Destiny never had its pedigree work for me. Back at the start of the century, Halo: Combat Evolved was a first-person shooter that finally had sensible controls for a games console and allowed for co-op play. But there was little else that kept me hooked.
For example: it had this horrible section called The Library that made me want to punch myself in the face in the hope of experiencing something other than sheer boredom. The Silent Cartographer went by without even registering a blip, and I had to replay the section to ‘get’ what people were talking about. Now I get it, but I don’t agree with it.
Based on that, Destiny didn’t register with me beyond the fact that Bungie had somehow reclaimed themselves from Microsoft. It was only at the start of 2014 that I picked up on some cues that were more of interest to me.
Destiny was to be another Borderlands, a loot-shooter, an online co-op game. Suddenly, I was interested. The beta started last week and after playing it over the weekend, a few things became clear:
This is a Borderlands ‘clone’
It simply is. There’s nothing wrong with it and this is why I wanted to play it in the first place. Yet somehow it’s weird that the game is not trying anything on top of it. Like Halo it seems more about adhering to the genre (if you can call it that). Speaking of which…
Destiny plays like Halo
I didn’t expect it to play like Halo, but duh, of course it’s going to play like Halo. The controls and gunplay blend together to invoke that balanced drone-like feeling Bungie manages so well. The one where you don’t notice you are playing, you’re just acting.
The controls never work against you here; they facilitate your actions. There’s also a classic weight to them that makes them perfect. Nothing is too fast, nothing too slow, it is as it should be. This is what made Halo stand out and it still works here.
No seriously, Destiny plays like Halo
Which becomes apparent with the enemies on display. The Darkness’ Thralls might not pop like the Flood when shot, but they do take up the same function. Vandals feel like Elites and there are a plenty more comparisons to be made where those came from. (Though I prefer Princess Peach over Tyrion for now.)
So far I haven’t really re-experienced any of the more boring parts from Halo, apart from enemies always spawning at the same locations. They aren’t as mobile as well, meaning that if you stay in one map during an Explore mission, you’ll find yourself repeating certain battles. It’s not as mind-numbing as The Library.
It aspires to be a very lean MMORPG
The hub area called The Tower made me reminiscence about Phantasy Star Online. It’s a small place where you can find all shops and facilities. But when in maps it likes to take inspiration from online RPGs. Live events, quests, dungeons; it has them all, but takes all the fluff out.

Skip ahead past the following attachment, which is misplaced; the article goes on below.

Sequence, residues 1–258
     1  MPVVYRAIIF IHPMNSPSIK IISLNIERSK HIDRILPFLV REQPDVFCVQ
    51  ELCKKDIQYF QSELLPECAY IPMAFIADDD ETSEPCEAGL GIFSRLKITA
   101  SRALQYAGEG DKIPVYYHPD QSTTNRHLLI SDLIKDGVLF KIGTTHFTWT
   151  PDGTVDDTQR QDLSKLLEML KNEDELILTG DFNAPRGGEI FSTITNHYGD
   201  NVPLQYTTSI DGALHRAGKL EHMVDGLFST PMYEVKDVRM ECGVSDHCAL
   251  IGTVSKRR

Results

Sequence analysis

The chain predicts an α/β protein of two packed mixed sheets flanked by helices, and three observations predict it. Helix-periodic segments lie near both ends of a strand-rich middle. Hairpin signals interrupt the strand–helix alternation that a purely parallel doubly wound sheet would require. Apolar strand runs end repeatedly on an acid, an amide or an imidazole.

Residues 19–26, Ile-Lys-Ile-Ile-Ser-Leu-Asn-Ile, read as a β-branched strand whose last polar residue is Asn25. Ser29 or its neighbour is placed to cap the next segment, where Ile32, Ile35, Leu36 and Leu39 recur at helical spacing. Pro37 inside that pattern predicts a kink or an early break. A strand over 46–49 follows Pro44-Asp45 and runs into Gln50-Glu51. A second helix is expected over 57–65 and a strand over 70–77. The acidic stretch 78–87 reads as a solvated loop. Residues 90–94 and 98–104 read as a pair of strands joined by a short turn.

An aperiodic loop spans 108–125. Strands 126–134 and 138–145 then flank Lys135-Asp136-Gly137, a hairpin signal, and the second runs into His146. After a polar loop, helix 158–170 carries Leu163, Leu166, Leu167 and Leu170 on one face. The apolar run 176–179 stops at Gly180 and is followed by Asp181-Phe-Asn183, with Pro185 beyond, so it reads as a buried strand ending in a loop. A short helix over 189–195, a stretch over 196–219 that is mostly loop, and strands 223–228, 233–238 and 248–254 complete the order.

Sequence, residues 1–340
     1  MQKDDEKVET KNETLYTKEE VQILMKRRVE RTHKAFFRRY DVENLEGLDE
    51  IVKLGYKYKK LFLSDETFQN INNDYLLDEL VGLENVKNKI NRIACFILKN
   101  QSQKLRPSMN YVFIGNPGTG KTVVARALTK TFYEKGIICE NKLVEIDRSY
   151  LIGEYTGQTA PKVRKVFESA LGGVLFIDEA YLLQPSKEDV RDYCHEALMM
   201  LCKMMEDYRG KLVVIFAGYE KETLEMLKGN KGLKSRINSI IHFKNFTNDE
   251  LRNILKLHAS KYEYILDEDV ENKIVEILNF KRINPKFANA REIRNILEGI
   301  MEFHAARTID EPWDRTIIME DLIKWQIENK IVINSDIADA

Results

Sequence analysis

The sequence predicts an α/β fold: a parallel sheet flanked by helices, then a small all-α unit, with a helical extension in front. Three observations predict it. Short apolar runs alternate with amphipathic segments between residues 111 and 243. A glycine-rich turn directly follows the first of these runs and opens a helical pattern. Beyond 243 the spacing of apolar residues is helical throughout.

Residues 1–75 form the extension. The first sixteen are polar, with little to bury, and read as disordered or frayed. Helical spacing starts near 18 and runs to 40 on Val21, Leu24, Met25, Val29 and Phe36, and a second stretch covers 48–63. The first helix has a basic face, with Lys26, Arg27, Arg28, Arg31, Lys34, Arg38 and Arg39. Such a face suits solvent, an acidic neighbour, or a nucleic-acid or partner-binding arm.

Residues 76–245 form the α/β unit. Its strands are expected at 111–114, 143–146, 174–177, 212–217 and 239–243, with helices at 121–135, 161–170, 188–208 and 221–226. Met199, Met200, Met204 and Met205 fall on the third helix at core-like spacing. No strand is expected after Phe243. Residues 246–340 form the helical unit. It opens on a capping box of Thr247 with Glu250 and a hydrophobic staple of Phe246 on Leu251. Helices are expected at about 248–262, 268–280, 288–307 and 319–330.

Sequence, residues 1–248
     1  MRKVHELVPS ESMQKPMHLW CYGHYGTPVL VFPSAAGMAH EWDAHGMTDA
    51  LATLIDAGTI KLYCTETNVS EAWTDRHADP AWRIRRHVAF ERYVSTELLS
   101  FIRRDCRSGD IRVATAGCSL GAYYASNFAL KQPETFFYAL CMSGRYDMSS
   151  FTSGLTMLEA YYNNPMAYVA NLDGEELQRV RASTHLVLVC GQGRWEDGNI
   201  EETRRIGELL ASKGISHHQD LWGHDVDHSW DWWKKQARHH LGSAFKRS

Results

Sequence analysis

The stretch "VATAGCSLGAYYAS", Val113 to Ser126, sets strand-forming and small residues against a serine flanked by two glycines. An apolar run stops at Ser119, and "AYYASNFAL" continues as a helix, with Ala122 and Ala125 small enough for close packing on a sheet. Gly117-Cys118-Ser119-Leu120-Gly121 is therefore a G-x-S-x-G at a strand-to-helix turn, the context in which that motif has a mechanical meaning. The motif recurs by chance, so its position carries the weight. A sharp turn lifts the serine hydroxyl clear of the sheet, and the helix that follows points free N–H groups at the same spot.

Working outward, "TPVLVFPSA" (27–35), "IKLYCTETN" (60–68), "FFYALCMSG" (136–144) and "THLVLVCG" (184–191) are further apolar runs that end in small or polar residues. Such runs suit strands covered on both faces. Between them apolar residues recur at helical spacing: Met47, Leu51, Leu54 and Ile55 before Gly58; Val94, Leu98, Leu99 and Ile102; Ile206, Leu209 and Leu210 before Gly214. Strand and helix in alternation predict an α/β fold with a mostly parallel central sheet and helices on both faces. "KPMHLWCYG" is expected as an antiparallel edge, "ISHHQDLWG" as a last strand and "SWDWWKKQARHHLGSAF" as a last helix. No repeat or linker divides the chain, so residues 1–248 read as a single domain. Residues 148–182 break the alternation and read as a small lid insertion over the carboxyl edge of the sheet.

Items can be recycled for currency, Mass Effect-style. Quests do not need to be handed in. Participating in events requires you to be there, not to handle menus. Already present enemies will count towards newly acquired goals. Forming and disbanding teams is quick, painless and easy. Your characters grow, unlock skills and gain perks from weapons and even have some degree of growth within their controls.
It’s no Metroid, but unlocking the boost jump immediately made me mentally add a +1 to score for the game.
Concluding: Destiny is great. And more importantly: it feels great. It takes all the elements from a few games that I like and bundles it up as new. It’s almost a Blizzard game in that it’s less about pushing innovation and more about polishing what’s already there and making sure that it just works for the player.
If there’s one thing I’m not entirely convinced of as of yet, it’s the setting. The cutscenes are slightly pompous and more akin to Star Trek / Mass Effect in being clean and epic. Which is in direct contrast with the actual game and aesthetics being closer to the more human and worn feel of Star Wars / Borderlands. It doesn’t help that the general trappings of an MMO (naming issues, detachment from the game world) just widen the chasm between the two.
This is probably where Borderlands is ‘better’. Somewhere during development, Borderlands went completely over the top. Its setting was closer to the player and didn’t require role-playing. Destiny’s world does require that, making online interactions flawed by default. Put crudely: a player called BallsDeep69 is just a cherry on top in Borderlands, in Destiny it’s an eye sore. Of course that’s a minor thing and it never stopped World of Warcraft, but I do wonder what it means for the game’s story and setting.
For now, I’ll just keep my pre-order firmly in place and play some more.